Metformin lowers long-term diabetes risk

#1

[Nathan DM, et al. Diabetes Care . 2019;doi:10.2337/dc18-1970.](http://care.diabetesjournals.org/content/early/2019/02/14/dc18-1970)

Metformin was shown to have long-term protective effects against diabetes development in adults at greatest risk, especially those with higher HbA1c levels and women who have had gestational diabetes, according to findings published in Diabetes Care .

“Whether metformin should be used for diabetes prevention requires a careful balance of benefits and risks,” Marinella Temprosa, PhD , assistant research professor in the department of epidemiology and biostatistics at George Washington University, and colleagues wrote.

These findings were elucidated from a long-term follow-up of the Diabetes Prevention Program (DPP) and the Diabetes Prevention Program Outcomes Study (DPPOS). In the first study, researchers recruited 3,234 adults with impaired glucose tolerance, elevated blood glucose and a BMI of at least 24 kg/m2, who were all categorized as at risk for diabetes, between 1996 and 1999.

Participants were randomly assigned to placebo, a lifestyle intervention or 850 mg metformin twice daily. In 2001, 1,861 participants continued in the DPPOS and were assigned 850 mg metformin twice a day regardless of their initial study group.

In a 15-year follow-up analysis, Temprosa and colleagues evaluated data from the placebo (n = 1,082; mean age, 50.3 years; 69% women) and metformin (n = 1,073; mean age, 50.9 years, 66.2% women) groups. Although oral glucose tolerance tests and fasting plasma glucose were used to diagnose diabetes in the two previous studies, the researchers included diagnosis by HbA1c in post hoc analysis.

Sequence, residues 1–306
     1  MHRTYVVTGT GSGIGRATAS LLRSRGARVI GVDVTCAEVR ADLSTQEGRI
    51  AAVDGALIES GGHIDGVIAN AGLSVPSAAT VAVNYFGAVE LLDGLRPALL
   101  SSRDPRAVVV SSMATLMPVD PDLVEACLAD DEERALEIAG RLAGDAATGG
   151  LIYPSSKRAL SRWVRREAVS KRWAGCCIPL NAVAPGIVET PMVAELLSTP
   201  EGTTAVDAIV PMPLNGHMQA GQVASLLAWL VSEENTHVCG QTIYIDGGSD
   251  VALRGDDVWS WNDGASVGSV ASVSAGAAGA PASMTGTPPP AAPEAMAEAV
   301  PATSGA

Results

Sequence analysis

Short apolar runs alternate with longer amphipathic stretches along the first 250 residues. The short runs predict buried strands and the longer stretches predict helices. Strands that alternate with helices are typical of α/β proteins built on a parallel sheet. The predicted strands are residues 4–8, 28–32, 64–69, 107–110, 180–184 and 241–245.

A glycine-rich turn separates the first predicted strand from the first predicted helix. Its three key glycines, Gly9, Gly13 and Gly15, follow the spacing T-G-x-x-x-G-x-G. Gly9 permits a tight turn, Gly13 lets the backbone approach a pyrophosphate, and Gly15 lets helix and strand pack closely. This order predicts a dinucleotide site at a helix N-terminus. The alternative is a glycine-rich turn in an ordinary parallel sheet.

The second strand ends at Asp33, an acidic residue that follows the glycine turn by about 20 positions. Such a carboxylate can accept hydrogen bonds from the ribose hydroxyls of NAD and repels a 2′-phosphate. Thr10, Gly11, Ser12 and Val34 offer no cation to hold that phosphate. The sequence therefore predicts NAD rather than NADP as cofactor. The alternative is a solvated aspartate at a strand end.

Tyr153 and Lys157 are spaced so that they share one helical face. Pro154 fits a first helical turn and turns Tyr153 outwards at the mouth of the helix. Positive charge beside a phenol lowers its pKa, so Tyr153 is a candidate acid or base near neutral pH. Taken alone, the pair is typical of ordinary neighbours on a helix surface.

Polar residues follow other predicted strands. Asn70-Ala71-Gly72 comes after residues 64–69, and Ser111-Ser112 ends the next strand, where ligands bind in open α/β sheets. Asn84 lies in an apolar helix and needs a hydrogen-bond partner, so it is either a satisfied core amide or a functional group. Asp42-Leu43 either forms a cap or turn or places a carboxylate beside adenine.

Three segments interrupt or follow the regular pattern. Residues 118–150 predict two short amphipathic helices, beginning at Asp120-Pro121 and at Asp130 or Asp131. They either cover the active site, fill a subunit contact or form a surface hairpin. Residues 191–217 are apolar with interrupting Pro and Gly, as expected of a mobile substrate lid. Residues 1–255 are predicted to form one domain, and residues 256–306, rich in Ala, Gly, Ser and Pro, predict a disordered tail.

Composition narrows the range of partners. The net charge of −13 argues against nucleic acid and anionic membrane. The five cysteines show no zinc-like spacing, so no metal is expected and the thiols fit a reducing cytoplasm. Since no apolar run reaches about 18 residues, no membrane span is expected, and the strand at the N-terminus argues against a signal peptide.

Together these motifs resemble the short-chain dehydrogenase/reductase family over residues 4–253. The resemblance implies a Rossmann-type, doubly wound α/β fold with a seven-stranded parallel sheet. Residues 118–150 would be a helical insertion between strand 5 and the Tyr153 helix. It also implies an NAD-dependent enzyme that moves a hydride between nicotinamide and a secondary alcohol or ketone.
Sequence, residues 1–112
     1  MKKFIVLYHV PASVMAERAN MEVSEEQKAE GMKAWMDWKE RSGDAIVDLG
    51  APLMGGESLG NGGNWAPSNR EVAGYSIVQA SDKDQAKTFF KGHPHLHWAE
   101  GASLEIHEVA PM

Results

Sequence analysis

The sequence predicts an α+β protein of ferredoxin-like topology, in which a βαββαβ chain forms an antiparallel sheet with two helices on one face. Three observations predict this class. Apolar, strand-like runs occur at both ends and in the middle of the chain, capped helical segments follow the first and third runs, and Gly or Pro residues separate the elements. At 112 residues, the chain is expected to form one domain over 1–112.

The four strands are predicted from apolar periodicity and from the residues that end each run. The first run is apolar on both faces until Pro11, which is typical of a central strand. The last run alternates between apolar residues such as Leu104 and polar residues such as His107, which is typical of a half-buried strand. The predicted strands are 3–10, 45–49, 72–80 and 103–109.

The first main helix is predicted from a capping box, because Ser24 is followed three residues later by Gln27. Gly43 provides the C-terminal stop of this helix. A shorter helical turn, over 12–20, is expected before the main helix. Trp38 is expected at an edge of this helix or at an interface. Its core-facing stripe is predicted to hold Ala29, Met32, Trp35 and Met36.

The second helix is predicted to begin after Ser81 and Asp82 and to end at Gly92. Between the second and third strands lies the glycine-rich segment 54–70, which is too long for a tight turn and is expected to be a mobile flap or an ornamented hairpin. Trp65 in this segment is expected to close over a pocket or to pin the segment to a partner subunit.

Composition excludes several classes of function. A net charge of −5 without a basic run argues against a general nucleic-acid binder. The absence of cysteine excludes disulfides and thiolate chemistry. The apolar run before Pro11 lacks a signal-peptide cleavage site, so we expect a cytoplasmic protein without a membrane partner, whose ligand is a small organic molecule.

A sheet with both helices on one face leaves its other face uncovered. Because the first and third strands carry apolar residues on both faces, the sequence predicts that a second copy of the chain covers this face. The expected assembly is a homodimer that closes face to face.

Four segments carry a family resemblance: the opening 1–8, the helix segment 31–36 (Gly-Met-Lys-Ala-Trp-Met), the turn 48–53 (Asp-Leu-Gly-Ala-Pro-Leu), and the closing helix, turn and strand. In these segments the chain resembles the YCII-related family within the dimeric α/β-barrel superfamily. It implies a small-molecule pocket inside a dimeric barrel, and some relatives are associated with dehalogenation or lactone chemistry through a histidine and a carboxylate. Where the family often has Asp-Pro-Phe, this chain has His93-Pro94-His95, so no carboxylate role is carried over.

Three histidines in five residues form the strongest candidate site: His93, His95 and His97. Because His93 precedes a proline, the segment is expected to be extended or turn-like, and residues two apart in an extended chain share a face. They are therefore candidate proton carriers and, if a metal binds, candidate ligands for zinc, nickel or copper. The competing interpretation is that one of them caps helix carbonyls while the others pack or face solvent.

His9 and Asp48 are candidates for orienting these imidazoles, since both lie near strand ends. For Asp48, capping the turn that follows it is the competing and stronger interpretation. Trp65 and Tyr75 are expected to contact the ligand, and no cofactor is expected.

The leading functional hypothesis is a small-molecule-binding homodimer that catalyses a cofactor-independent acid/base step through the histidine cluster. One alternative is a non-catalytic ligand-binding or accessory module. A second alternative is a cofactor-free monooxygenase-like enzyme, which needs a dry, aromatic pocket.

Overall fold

At 15 years, the metformin group had lower diabetes incidence rates by 17% compared with placebo (HR = 0.83; 95% CI, 0.73-0.93), based on OGTT and FPG diagnosis, and 36% by HbA1c diagnosis (HR = 0.64; 95% CI, 0.55-0.75).

When OGTT and FPG were used as diagnostic tools, the researchers wrote that participants with higher FPG levels at baseline experienced an even greater effect from metformin ( P = .0004). They also noted that metformin lowered diabetes incidence by 41% in women who previously had gestational diabetes (HR = 0.59; 95% CI, 0.42-0.84). In contrast, with HbA1c as the diagnostic marker, there were “comparable beneficial effects … across all of the subgroups,” the researchers wrote.

“Regardless of the means by which diabetes is diagnosed, the long-term effects of metformin on diabetes development in DPP/DPPOS suggest that metformin remains effective in this cohort,” the researchers wrote. “These results should help to prioritize those groups at high risk of developing diabetes who will benefit most from being treated with metformin. The conclusions regarding HbA1c must be considered carefully, as our original eligibility and diabetes development criteria were based on glucose and not HbA1c criteria.” – by Phil Neuffer

#2

If I am understanding this correctly metformin had no effect on 83% of the people in the study. Of course they could be undergoing the typical gastrointestinal issues associated with metformin.

Its pretty clear based on this study why the ADA’s Step program which has metformin as Step 1 plans for its failure.

Dr Ralph DeFronzo use to be one of the biggest metformin proponents in the U.S. and was a key player in getting FDA approval. 25 years later he has seen the results. At ADA2017 he said his view has changed and “The most waste in type 2 diabetes is to continuously put people on metformin and sulfonylureas (glyburide, glimepiride, etc.). These drugs have no protective effect on the beta cell, and by the time you figure out what you’re doing, there are no beta cells left to save.”

With the growing use of CGMS within the T2 community it will become even more obvious that metformin does nothing to stop the post meal glucose spike and the PWD stays with elevated sugar levels way to long. What we do know is elevated sugars above 140mg/dl for even 2hours starts causing vascular degeneration.